The Arts of India, Southeast Asia, and the Himalayas at the Dallas Museum of Art: An Overview
_The following is an excerpt from the 2013 publication _The Arts of India, Southeast Asia, and the Himalayas at the Dallas Museum of Art.
At the time of this publication the South Asian, Southeast Asian, and Near Eastern collections at the Dallas Museum of Art consist of over 450 works, ranging from fine examples of the Islamic arts of Turkey, Syria, and Iran to important works of Indian, Himalayan, Khmer, and Thai art. The path to this impressive collection, which we now celebrate with this publication, has been far from gradual and predictable. It has grown in fits and starts, with much collecting activity over the last fifteen or twenty years. The Museum now cares for an important collection that continues to grow exponentially.
For much of its history, interest in Asian art at the Dallas Museum of Art centered on special exhibitions. The first exhibition of Asian artworks was shown in 1938, entitled Chinese Ancestral Portraits and Japanese Landscape Prints. Between 1939 and the present time, numerous exhibitions or gallery installations have been devoted to Asian art, and the subjects have ranged from Chinese tomb figures to Indian miniature paintings. In this array of exhibitions, a seminal presentation was The Arts of Man (October 6, 1962–January 1, 1963). The exhibition was conceived by former board president Margaret McDermott, one of the DMA’s most significant patrons and a leading voice in building the Museum’s collections, and former director Jerry Bywaters. The exhibition was a watershed moment for the Museum’s display of arts from around the world. The fact that the DMA’s collections today are as distinguished in Pre-Columbian, African, Asian, and Oceanic art as they are in traditional Western arts is frequently cited as due to this groundbreaking exhibition. Several works in the exhibition subsequently enhanced the DMA’s collections, including the fine Vishnu and attendants sculpture [1963.29], and the Durga [1959.159] and Vishnu wooden festival sculptures both gifts from the Mr. and Mrs. Stanley Marcus Foundation.
In the 1960s and 1970s, other important Asian art exhibitions at the DMA included Masterpieces of Japanese Art (organized by the DMA in 1969), Indian and Southeast Asian Stone Sculptures from the Avery Brundage Collection (organized by the Center of Asian Art and Culture, City and County of San Francisco, in 1970), The Sculpture of Thailand (organized by Asia House Gallery, New York, in 1973), Oriental Art in Dallas Private Collections (organized by the DMA in 1976), and Chinese Export Porcelain from the Reeves Collection at Washington and Lee University (assembled by the High Museum of Art in 1973 and circulated by the Smithsonian Institution Traveling Exhibition Service, 1974–1976). The last two exhibitions directly affected the collection of the Museum, since several of the works from private collections were eventually given to the DMA.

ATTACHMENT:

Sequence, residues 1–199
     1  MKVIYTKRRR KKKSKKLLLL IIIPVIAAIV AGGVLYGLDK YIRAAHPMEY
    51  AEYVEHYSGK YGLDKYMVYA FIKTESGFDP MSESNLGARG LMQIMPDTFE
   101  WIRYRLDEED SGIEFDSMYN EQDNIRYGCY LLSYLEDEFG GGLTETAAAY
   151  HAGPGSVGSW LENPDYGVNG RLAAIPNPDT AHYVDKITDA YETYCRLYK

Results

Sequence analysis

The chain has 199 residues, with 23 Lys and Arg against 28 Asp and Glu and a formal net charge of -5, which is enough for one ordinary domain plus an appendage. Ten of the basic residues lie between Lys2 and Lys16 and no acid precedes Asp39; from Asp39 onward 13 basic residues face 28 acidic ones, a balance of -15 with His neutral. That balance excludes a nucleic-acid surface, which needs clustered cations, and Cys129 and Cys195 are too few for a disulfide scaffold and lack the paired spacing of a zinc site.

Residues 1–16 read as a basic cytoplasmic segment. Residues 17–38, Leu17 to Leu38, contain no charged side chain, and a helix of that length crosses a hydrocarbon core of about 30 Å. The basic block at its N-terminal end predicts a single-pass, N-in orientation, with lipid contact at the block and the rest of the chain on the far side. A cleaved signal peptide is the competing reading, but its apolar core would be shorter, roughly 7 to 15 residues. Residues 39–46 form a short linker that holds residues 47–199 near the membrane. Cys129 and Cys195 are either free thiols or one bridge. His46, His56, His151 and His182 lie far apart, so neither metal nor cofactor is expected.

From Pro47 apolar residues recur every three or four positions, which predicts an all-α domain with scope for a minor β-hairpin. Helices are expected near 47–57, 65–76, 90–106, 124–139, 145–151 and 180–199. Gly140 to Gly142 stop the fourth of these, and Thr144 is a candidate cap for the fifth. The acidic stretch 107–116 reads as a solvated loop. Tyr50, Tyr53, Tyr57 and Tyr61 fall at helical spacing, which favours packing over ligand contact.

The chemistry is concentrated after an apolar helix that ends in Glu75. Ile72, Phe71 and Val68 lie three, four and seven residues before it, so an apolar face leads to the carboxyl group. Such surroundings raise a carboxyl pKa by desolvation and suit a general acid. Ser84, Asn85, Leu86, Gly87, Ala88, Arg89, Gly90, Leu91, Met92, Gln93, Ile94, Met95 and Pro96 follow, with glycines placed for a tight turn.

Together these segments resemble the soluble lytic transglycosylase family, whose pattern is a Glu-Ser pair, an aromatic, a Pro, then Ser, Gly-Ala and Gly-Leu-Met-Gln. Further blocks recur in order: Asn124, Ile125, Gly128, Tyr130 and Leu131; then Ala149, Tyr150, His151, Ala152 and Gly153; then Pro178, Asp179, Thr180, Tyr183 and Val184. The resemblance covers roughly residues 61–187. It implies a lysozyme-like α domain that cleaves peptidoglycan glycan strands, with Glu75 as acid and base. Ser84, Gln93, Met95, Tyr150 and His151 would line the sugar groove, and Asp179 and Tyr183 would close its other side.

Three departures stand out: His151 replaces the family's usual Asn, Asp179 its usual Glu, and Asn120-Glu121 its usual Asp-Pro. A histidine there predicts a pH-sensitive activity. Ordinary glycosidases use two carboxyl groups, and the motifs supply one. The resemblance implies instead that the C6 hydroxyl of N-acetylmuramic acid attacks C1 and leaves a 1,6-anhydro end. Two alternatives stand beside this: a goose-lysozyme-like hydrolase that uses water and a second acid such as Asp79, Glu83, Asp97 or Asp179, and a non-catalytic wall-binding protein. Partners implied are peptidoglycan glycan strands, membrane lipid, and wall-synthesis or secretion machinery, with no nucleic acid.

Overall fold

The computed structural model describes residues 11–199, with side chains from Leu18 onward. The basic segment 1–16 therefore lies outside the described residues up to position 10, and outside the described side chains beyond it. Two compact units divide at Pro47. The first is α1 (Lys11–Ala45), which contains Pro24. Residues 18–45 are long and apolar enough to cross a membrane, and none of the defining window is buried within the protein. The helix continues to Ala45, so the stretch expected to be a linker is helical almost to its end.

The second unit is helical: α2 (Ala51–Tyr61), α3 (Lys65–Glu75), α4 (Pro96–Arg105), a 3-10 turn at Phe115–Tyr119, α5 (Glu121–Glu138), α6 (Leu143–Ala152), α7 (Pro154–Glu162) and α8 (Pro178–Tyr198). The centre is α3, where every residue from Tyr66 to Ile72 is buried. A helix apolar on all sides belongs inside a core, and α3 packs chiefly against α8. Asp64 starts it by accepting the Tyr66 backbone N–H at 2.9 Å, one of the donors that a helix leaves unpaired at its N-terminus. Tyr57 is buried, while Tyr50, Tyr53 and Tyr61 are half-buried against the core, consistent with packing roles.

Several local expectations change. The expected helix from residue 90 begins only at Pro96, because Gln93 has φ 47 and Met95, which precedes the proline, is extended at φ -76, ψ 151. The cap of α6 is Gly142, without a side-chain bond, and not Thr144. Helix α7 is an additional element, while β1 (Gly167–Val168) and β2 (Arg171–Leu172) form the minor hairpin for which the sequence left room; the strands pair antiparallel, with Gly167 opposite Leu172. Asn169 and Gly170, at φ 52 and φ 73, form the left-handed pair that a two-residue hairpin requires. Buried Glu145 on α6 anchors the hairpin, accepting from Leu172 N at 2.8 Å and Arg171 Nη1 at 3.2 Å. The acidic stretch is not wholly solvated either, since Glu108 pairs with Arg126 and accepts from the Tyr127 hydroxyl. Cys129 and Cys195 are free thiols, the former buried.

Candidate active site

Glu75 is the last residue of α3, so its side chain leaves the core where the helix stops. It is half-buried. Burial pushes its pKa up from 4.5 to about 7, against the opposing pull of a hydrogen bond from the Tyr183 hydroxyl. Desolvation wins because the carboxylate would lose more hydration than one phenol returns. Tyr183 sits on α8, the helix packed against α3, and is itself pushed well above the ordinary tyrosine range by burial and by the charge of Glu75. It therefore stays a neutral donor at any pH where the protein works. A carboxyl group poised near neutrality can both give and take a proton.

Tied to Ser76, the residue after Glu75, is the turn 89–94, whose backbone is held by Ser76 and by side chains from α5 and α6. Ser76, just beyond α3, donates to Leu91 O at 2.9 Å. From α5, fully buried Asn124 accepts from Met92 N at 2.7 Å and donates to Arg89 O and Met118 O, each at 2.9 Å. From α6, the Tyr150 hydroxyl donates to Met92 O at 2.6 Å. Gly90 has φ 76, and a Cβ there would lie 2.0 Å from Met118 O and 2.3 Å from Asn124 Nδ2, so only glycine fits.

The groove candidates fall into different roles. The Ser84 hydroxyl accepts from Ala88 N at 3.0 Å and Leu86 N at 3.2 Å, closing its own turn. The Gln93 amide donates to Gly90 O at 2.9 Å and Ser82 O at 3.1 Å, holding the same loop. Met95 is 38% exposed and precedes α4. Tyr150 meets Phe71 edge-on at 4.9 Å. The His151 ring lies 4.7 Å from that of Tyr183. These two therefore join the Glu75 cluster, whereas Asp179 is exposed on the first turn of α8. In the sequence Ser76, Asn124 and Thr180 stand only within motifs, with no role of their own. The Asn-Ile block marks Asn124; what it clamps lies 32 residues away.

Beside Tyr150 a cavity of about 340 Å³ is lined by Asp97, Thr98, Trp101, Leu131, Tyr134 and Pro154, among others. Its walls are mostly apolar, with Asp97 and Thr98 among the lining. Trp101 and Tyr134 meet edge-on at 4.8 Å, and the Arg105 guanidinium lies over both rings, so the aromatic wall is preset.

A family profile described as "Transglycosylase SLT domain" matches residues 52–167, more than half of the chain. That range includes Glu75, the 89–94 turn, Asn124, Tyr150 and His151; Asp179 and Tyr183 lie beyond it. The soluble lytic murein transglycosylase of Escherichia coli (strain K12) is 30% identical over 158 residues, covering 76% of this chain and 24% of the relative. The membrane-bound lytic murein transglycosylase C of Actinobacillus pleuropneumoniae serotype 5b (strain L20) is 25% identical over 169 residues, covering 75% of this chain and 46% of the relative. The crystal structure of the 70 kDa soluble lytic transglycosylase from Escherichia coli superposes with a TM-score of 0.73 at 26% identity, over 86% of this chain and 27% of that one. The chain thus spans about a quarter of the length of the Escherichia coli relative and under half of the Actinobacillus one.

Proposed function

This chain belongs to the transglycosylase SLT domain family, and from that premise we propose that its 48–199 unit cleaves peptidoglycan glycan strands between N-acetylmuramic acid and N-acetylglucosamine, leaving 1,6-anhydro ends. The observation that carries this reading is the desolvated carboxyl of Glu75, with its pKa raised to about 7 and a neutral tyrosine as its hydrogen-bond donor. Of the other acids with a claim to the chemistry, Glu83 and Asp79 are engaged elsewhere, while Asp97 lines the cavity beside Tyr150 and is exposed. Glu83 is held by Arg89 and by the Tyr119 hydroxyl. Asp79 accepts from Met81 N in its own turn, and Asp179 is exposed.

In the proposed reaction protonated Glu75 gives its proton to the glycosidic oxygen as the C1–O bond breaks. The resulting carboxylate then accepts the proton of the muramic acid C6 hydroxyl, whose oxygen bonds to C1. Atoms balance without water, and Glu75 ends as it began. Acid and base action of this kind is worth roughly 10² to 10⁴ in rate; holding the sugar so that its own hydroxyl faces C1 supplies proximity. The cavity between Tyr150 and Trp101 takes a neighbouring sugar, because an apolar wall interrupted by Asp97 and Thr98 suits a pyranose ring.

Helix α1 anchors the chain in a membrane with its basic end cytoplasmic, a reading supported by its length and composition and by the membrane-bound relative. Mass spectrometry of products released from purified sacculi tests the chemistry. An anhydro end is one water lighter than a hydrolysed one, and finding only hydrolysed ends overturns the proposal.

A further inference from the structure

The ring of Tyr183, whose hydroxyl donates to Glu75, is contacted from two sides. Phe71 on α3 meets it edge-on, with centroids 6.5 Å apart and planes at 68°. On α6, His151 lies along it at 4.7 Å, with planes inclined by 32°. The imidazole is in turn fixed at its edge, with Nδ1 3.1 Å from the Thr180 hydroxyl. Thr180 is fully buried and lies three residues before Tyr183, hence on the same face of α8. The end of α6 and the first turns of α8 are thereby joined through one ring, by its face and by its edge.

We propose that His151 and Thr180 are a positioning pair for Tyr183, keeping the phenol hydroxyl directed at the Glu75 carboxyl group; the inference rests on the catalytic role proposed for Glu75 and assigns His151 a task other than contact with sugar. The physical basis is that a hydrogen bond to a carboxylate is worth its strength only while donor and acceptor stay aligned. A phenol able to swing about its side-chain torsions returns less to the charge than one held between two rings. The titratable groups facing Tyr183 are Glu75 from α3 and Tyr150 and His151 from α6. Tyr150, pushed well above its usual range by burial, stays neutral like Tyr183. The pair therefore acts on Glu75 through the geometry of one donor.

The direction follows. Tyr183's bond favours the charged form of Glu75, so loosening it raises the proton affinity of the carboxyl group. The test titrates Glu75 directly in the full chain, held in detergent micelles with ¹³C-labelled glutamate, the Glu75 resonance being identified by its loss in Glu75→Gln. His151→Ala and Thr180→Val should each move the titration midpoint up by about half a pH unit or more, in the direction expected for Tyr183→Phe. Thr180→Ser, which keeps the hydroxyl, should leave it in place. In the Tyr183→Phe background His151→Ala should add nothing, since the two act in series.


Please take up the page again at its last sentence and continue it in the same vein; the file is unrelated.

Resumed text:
Former director Harry Parker was very interested in Asian art, which led to several major exhibitions in the 1980s, including The Shogun Age (organized by The Shogun Age Exhibition Executive Committee in 1984) and Life at Court: Art for India’s Rulers, __16th–19th Centuries (organized by the Museum of Fine Arts, Boston, in 1986). Two Japanese print exhibitions involved collections that were eventually acquired by the Museum: Hiroshige: Fifty Three Stages of the Tokaido, from the Stanley Marcus collection, and Views of Japan: Modern Woodblock Prints by Hiroshi Yoshida, which included some of the Japanese prints given to the Museum by Juanita and Alfred Bromberg. Harry Parker’s interest in Asian art was fittingly honored with the 1987 purchase of the Chinese Tang- dynasty pair of lokapalas [1987.360.1-2.McD], a spectacular set of glazed earthenware tomb guardians, which were acquired by The Eugene and Margaret McDermott Art Fund, Inc., in honor of Ellen and Harry S. Parker III.
In 1989 noted scholar of Japanese art Emily Sano joined the Museum as Deputy Director of Collections and Exhibitions and Senior Curator of Non-Western Art. She was responsible for several important exhibitions as well as the acquisition of significant artworks. Objects of Elegance and Whimsy, an exhibition that presented works from John R. Young’s collection of Meiji-period Japanese vases, sculptures, and decorative arts, led to the Museum’s acquisition of the Young collection in 1993. The collection includes an array of important examples of late-19th to early-20th-century Japanese craftsmanship, often produced for Western markets, (see [1993.86.11.FA]). Other major Japanese works, including the Arhat sculpture, a gift of the Roberta Coke Camp Fund and Lillian B. Clark [1991.381], the Eight Immortals of the Wine Cup screen [1989.78.a-b.McD], a gift of The Eugene and Margaret McDermott Art Fund, Inc., and a lacquered wood saddle from the Edo period, a gift of the Boeckman-Mayer Fund, Foundation for the Arts Collection, came to the Museum during this time. Other prominent works of East Asian art were given by Museum supporters, including Mrs. Alex Camp, Stanley Marcus, Mr. and Mrs. Stephen Kahn, and Mr. and Mrs. Lawrence Pollock, and works were acquired through the Museum League, the DMA General Acquisitions Fund, and the Junior League of Dallas. As a result of these early gifts, the DMA’s Chinese and Japanese collections now include 234 works.
As late as 1990, South and Southeast Asian art at the DMA consisted of only a small group of important works. In addition to the Vishnu and attendants sculpture mentioned earlier, the small holdings included the majestic bust of a bodhisattva, a gift of Margaret J. and George V. Charlton [1973.81]; a gilt bronze Manjushri sculpture from Mrs. E. R. Brown [1955.19], and several works from the Arts of Man exhibit. James and Lillian Clark, best known for their gifts of modern art to the Museum, gave an exquisite small Thai seated Buddha [1966.31].